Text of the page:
Tax Relief for Ranchers Affected by Bovine Tuberculosis
The Government has announced further tax relief for taxpayers who receive compensation under the Health of Animals Act due to the 2016 and 2017 bovine tuberculosis (TB) outbreak in Alberta and Saskatchewan that forced the destruction of livestock.
Current income tax rules provide a tax deferral that allows a taxpayer to defer paying tax on the amount received in a tax year as compensation for the forced destruction of livestock from the current tax year to the following tax year.
The objective of the deferral is to allow farmers who would otherwise realize a large income inclusion in the year they receive compensation to have the option to defer the income inclusion to the following year, when that income inclusion may be partially, or fully, offset by the cost of acquiring new livestock.
The Government recognizes that taxpayers affected by bovine TB may be unable to fully replenish their herds within a year and that replacement purchases are expected to extend over several years.
Accordingly, the Government intends to extend the existing tax deferral to better correspond to the repopulation plans and replacement purchases schedule, as determined in consultation with the industry.
As a result, taxpayers who received amounts as compensation in 2016 or 2017 under the Health of Animals Act as a consequence of the forced destruction of their livestock because of the bovine TB outbreak will effectively have the option of including those amounts in income for tax purposes, as follows:
- 2016 and 2017 tax year: no amount of compensation received will be included in income
- 2018 tax year: 83 per cent of compensation received will be included in income
- 2019 tax year: 11 per cent of compensation received will be included in income; and
- 2020 tax year: six per cent of compensation received will be included in income
Livestock Tax Deferral Provisions – Designated Areas Eligible for 2017
The Government today released its list of designated regions in British Columbia, Alberta, Saskatchewan and Quebec in which the livestock tax deferral has been authorized for 2017 due to drought, flood or excess moisture.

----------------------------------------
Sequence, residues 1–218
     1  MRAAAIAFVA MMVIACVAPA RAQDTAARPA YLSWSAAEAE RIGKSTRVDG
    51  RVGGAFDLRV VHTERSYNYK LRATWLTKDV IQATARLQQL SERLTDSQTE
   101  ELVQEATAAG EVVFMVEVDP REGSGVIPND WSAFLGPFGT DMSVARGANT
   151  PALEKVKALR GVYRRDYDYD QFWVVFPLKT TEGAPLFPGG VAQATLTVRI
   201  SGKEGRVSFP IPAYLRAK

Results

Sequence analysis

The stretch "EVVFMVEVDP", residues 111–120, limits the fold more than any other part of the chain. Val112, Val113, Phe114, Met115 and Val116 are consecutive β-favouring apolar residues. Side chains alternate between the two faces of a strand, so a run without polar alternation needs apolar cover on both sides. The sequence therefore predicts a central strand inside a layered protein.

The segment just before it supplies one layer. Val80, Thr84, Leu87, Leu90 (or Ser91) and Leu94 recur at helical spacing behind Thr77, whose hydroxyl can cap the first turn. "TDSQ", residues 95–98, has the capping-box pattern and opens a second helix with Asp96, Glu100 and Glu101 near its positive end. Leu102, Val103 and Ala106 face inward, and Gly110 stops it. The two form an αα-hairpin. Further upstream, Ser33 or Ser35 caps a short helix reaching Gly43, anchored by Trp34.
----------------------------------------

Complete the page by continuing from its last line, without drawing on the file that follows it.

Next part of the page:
The livestock tax deferral provisions allow livestock producers in prescribed drought, flood or excess moisture regions to defer a portion of their 2017 sale proceeds of breeding livestock until 2018 to help replenish the herd. The cost of replacing the animals in 2018 will offset the deferred income, thereby reducing the tax burden associated with the original sale.
Eligibility for the tax deferral is limited to those producers located inside the designated prescribed areas. Producers can request the tax deferral when filing their 2017 income tax returns.
Current Tax Treatment Maintained for Deferred Cash Purchase Tickets
When a farmer delivers a listed grain (such as, wheat, oats, barley, rye, flaxseed, rapeseed or canola) to the operator of a licensed elevator, the operator may issue a cash purchase ticket or other prescribed form of payment to the farmer. If the cash purchase ticket in respect of a delivery of a listed grain is payable in the year following the year in which the grain is delivered (a “deferred cash purchase ticket”), the taxpayer includes the amount of the ticket in income in that following year.
Budget 2017 launched a consultation on the ongoing use, and potential elimination, of the income tax deferral available in respect of cash purchase tickets for deliveries of listed grains. The Government has carefully considered all the submissions received during the consultation, and will maintain the current tax treatment of deferred cash purchase tickets such that, if a cash purchase ticket in respect of a delivery of a listed grain is payable in the year following the year in which the grain is delivered, the taxpayer will continue to include the amount of the ticket in income for that following year.
Director of Communications
Office of the Honourable Lawrence MacAulay
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